Every college and university out there knows those degrees are useless. They know they are taking students’ money — or more likely their parents’ money and federal grants — and giving them a worthless degree.

The presidents of these colleges and universities are running scams that would make Bernie Madoff proud.

In fact, if these college and university presidents tried to pull off this kind of operation in the private sector, they would be indicted and put in a prison cell right next to Madoff.

American colleges fill glossy brochures with pictures of idyllic campuses, opulent dorm lounges, and world-class recreation centers. Friends and the media sell college to kids as a continuous four-year party with copious drinking, steamy sex, and spring breaks to exotic places where you dance all night with a drink in your hand and wake up in a different bed every morning.

And in the end, a well-paying job magically appears, even if you have a content-free degree like Gender Studies.

The reality of life is that most higher education is no longer worth it.

Some degrees still have market value. Degrees in the STEM fields — science, technology, engineering and math — are in demand. Business graduates are generally employable, especially if they have degrees in accounting or finance. But when you go much beyond that, the returns are poor. An MBA is often a good ticket to the future, but not always. A law degree is less than worthless; law schools have been cranking out new lawyers at record rates for the last 20 years and the market is glutted. A PhD in English or Gender Studies may get you a job at Starbucks.

The people of Arizona should be outraged that students who are paying thousands of dollars a year for tuition at Arizona State are being given classes like “gender studies” and given extra credit — will it help you graduate summa cum laude? — for not shaving their underarms.

The taxpayers of Arizona should demand an end to this lunacy. They should demand that ASU abolish empty degree programs and either cut tuition or funnel that money into degree programs that actually demand hard work in exchange for genuine education.

After all, while liberal college professors seem to forget this, the end goal of a college degree is to be well-educated, a better citizen, and employed.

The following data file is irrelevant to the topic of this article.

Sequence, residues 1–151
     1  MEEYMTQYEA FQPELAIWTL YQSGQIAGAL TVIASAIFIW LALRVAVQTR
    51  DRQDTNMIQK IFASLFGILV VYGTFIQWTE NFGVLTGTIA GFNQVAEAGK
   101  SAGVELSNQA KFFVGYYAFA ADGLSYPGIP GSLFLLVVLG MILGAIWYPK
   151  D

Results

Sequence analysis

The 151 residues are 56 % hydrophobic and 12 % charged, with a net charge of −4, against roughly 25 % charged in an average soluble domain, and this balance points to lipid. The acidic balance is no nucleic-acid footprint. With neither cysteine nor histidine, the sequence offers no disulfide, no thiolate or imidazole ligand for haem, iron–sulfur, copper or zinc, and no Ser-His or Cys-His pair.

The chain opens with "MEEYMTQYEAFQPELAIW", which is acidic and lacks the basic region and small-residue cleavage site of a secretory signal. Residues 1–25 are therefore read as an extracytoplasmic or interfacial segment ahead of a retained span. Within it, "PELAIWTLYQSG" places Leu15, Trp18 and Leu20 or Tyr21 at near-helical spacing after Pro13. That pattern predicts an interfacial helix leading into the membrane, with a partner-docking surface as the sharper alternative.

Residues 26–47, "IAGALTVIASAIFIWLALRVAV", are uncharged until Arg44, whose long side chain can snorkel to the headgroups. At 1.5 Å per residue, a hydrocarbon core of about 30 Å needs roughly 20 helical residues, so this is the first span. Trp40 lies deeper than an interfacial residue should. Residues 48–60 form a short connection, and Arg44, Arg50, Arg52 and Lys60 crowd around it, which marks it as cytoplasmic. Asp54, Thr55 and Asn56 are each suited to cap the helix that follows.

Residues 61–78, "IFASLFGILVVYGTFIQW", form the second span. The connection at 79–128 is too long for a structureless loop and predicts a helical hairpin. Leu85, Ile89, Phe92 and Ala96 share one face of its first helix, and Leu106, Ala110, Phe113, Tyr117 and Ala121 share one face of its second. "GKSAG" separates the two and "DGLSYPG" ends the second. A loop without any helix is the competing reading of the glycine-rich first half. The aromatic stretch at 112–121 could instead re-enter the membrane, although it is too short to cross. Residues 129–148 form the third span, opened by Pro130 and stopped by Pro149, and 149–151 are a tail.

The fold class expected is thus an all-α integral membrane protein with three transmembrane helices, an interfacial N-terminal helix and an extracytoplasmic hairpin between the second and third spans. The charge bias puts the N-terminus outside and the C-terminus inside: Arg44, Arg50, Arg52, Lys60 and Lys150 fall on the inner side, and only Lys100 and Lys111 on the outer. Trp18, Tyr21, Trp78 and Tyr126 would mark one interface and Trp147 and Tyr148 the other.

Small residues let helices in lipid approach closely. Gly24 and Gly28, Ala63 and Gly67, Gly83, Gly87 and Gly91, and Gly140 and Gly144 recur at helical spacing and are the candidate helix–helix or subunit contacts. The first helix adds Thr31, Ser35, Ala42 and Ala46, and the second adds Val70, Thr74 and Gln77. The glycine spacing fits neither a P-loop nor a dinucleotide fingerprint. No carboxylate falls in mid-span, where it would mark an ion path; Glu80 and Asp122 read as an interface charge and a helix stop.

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Judson Phillips is the founder of Tea Party Nation, one of the largest Tea Party Groups in the country and the number one national tea party site on the Internet. A lawyer by profession, Judson has been involved in politics since his teens. “Ronald Reagan inspired me,” he says. Judson became involved in the Tea Party movement in February 2009 after hearing Rick Santelli’s rant on CNBC. “I heard there was going to be a Tea Party in Chicago inspired by Santelli, but didn’t know if anyone was doing a rally in Nashville where I was based. Finally I emailed Michelle Malkin and asked her if there was a Tea Party in Nashville. Malkin sent an email back saying, ‘No, why don’t you organize one?’ I did.” The first Tea Party in Nashville was held late February 2009 which drew a crowd of about 600. Judson then organized the Tax Day Tea Party in Nashville, which drew over 10,000 people into downtown. It was at this time that Tea Party Nation was formed. Later that year, Judson decided to bring activists from across the country together, so he organized the first National Tea Party Convention in February 2010, which featured Alaska’s former Governor and Republican Vice Presidential Nominee, Sarah Palin as it’s keynote speaker. He currently manages the Tea Party Nation website, writes several daily columns and is working on more projects than any one person should. He is a frequent guest on cable and broadcast news shows, including on Fox, MSNBC, CNN and others.
  • Kat Saved

    Although centralized control may seem to offer relief from liberty’s uncertainties, liberty enables unlimited choice compared to the limited options that can be conjured up by politically motivated “choice architects”.